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Cornell University’s Board of Trustees announced on Friday that the University will make no new investments in fossil fuels, and it is believed that they have been divesting of their previous investments for several years, though the details of their endowment are not public. This follows on the announcement last week that the University of California system had completed its divestment from fossil fuels, becoming the largest in the country do so. Cornell’s decision increases the pressure on Harvard and Yale, both of which have young alumni running for spots on their boards of trustees for the explicit purpose of forcing both the divest.
Why This Matters: The climate movement has been led by young people and one easy focus of their activism is the universities they attend. At universities like Georgetown and Cornell, well-organized student organizations, supported by faculty, had been demanding divestment for years. Cornell seems to have been off-loading its fossil fuel investments for several years, but only this week made the formal decision to forego future investments. The Trustees cited a “growing recognition” that fossil fuels are out of favor rather than student pressure. The students there are not satisfied and are demanding a total divestment from even index funds that hold fossil fuel stocks.
UC System Is Divested
It took five years for the University of California system to divest — it sold more than $1 billion in fossil fuel assets from its $126 billion in pension, endowment and working capital pools and invested $1 billion in clean energy projects, the University said in a statement. “Today’s announcements on our investment strategy underscore our hopeful view of the future,” Richard Sherman, chair of the UC Board of Regents’ investments committee, said in a statement. “As long-term investors, we believe the university and its stakeholders are much better served by investing in promising opportunities in the alternative energy field rather than gambling on oil and gas.”
The Ivy League
Yale Forward jumped on the Cornell announcement, noting a shifting tide in favor of energy investments that don’t endanger the futures of the students. “The world can see which way the wind is blowing, and it’s time for Yale to lead the way forward and become a leader in the fight against climate change,” said Yale Forward co-founder Scott Gigante in a statement. “Yale Forward’s platform, promoted by candidate Maggie Thomas, does just that by divesting from fossil fuels and making the Yale Corporation more representative and democratic.” Maggie Thomas is a former climate policy advisor to presidential candidates Governor Jay Inslee and Senator Elizabeth Warren is campaigning for the Yale Corporation Board, calling on the University to divest nearly $30 billion endowment from fossil fuels and moving Yale to a carbon-neutral campus as quickly as possible.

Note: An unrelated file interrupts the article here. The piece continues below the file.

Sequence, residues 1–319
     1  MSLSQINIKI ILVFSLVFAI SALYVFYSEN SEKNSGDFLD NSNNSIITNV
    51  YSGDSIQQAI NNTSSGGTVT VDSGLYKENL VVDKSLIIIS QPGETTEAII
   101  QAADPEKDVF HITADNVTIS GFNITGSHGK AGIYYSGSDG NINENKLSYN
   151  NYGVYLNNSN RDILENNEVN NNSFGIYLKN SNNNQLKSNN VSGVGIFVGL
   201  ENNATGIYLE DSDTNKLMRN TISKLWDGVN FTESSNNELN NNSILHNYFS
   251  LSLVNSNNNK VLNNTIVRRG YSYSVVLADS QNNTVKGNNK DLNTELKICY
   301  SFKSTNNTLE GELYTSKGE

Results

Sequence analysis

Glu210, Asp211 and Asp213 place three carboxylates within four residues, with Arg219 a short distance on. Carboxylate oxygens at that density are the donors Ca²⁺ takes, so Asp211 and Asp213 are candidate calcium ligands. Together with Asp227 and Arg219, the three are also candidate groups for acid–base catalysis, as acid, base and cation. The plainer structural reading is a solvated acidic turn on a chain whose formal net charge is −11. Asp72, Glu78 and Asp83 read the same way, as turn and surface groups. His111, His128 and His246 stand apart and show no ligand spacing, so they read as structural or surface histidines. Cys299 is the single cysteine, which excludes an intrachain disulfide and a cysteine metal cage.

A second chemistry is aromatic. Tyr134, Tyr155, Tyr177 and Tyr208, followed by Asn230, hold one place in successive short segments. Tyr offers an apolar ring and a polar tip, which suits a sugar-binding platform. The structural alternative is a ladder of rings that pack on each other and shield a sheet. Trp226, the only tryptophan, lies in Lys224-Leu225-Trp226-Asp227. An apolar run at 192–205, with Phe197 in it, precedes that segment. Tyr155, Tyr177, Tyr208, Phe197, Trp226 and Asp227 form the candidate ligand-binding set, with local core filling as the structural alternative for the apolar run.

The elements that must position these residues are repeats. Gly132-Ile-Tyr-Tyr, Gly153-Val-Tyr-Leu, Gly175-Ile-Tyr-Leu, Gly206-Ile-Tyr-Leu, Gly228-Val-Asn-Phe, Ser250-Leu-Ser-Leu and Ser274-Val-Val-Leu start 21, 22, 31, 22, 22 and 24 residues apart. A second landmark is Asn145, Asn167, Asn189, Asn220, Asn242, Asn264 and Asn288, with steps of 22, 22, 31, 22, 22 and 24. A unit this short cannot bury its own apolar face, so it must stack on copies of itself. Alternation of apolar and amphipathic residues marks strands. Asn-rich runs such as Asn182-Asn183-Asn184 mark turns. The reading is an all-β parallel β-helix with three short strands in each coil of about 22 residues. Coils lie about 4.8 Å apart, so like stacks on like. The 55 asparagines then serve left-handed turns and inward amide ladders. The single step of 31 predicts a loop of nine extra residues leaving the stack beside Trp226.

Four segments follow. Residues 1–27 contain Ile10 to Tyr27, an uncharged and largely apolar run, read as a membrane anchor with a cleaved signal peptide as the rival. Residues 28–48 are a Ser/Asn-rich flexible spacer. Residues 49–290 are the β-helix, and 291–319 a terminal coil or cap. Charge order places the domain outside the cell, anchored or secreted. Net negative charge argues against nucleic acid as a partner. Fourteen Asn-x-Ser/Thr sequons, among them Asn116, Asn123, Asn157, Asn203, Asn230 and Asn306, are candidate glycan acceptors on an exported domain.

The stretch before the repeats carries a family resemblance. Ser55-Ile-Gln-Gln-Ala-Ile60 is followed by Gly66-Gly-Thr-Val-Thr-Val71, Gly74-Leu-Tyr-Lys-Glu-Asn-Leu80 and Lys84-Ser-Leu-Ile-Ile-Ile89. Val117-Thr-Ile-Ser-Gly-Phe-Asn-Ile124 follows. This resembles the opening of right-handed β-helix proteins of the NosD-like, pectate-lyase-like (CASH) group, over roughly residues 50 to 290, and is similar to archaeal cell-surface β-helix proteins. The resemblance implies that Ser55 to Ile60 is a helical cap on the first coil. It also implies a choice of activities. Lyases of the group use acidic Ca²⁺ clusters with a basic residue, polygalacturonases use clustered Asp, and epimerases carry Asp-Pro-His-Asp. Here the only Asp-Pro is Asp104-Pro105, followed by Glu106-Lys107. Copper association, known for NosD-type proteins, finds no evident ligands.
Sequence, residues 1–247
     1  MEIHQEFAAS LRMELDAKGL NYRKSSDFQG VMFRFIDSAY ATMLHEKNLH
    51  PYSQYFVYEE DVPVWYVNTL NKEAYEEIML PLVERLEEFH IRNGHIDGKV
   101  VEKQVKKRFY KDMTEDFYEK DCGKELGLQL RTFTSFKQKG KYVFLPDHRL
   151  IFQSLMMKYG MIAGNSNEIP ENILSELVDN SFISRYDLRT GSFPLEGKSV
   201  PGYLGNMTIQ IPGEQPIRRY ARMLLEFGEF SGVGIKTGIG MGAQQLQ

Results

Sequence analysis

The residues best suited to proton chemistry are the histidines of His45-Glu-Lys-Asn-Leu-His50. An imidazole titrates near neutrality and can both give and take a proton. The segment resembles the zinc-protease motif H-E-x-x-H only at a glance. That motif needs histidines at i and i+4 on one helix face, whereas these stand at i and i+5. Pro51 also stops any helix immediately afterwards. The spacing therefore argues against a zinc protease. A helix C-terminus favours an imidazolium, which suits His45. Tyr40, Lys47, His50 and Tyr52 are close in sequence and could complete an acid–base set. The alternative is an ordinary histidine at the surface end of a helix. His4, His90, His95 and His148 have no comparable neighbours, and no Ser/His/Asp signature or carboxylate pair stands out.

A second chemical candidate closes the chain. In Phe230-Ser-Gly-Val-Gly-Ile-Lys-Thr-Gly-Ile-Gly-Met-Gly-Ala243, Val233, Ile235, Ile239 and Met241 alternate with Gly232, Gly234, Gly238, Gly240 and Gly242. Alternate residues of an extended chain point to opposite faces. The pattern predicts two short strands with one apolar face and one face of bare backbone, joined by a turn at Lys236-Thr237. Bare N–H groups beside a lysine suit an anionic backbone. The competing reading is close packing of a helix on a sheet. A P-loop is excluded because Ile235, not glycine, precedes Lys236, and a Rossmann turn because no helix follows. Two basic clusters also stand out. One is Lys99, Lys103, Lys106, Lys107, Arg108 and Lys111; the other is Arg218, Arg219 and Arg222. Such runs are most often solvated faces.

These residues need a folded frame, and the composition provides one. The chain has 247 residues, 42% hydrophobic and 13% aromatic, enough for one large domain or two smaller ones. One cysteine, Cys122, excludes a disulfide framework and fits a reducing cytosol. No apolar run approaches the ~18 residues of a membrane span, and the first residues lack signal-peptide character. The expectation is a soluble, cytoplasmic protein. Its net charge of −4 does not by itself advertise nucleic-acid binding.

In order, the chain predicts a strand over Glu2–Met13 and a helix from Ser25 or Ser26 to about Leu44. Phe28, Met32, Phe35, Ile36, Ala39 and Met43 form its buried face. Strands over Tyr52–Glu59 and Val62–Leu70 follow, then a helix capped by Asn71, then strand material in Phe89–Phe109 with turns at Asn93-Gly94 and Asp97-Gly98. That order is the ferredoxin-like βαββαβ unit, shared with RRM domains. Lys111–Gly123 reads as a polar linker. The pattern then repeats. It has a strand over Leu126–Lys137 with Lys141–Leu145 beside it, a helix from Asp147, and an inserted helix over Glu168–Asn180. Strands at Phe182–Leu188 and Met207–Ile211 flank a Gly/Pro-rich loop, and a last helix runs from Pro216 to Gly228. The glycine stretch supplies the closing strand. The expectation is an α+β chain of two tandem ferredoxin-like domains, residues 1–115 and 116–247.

What You Can Do: If you are a Yale alum, sign the Yale Forward petition to put Maggie Thomas on the ballot for the Corporation Board to push for divestment.
After a four-year hiatus under the Trump administration, the Environmental Protection Agency’s Climate Change Indicators website is back in action. The public portal includes data on 54 indicators including sea-level rise, Great Lakes ice cover, heat waves, river flooding, and residential energy use.
Why This Matters: People are experiencing the impacts of climate change in their everyday lives, from hotter temperatures to more intense wildfire seasons.
When reading about climate change, you’ll often come across the unit of measurement called a “metric ton of CO2.” That sounds like a lot, but the unit is a bit abstract for most of us when our reference point for a ton is a VW Beetle, the Liberty Bell, or even a baby humpback whale […]
According to a new report from Christian Aid, Kenya, which produces half of all black tea consumed by the UK, may lose a quarter of its growing capacity by 2050, and the tea that makes it into drinkers’ cups may taste a lot different than before. The decline of tea farming has implications for economies worldwide, including Kenya, India, China, and Sri Lanka.
Why This Matters: Tea is the most popular drink other than water globally and the tea industry employs more than 3 million people in Africa alone.
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